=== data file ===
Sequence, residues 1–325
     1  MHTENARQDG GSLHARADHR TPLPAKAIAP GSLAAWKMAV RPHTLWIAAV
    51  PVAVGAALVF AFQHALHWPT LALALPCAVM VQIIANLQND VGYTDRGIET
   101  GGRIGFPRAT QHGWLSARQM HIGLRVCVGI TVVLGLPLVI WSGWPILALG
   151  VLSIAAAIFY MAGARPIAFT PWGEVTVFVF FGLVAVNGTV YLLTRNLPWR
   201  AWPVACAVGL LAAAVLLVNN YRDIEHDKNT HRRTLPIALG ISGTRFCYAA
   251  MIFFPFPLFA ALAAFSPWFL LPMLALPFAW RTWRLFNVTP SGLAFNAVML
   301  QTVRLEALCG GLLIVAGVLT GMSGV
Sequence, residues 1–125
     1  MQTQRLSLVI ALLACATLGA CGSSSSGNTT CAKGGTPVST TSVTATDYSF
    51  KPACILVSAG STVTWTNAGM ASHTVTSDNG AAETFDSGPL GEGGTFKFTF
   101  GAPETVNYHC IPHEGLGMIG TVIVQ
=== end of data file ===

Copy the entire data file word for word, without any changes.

Sequence, residues 1–325
     1  MHTENARQDG GSLHARADHR TPLPAKAIAP GSLAAWKMAV RPHTLWIAAV
    51  PVAVGAALVF AFQHALHWPT LALALPCAVM VQIIANLQND VGYTDRGIET
   101  GGRIGFPRAT QHGWLSARQM HIGLRVCVGI TVVLGLPLVI WSGWPILALG
   151  VLSIAAAIFY MAGARPIAFT PWGEVTVFVF FGLVAVNGTV YLLTRNLPWR
   201  AWPVACAVGL LAAAVLLVNN YRDIEHDKNT HRRTLPIALG ISGTRFCYAA
   251  MIFFPFPLFA ALAAFSPWFL LPMLALPFAW RTWRLFNVTP SGLAFNAVML
   301  QTVRLEALCG GLLIVAGVLT GMSGV
Sequence, residues 1–125
     1  MQTQRLSLVI ALLACATLGA CGSSSSGNTT CAKGGTPVST TSVTATDYSF
    51  KPACILVSAG STVTWTNAGM ASHTVTSDNG AAETFDSGPL GEGGTFKFTF
   101  GAPETVNYHC IPHEGLGMIG TVIVQ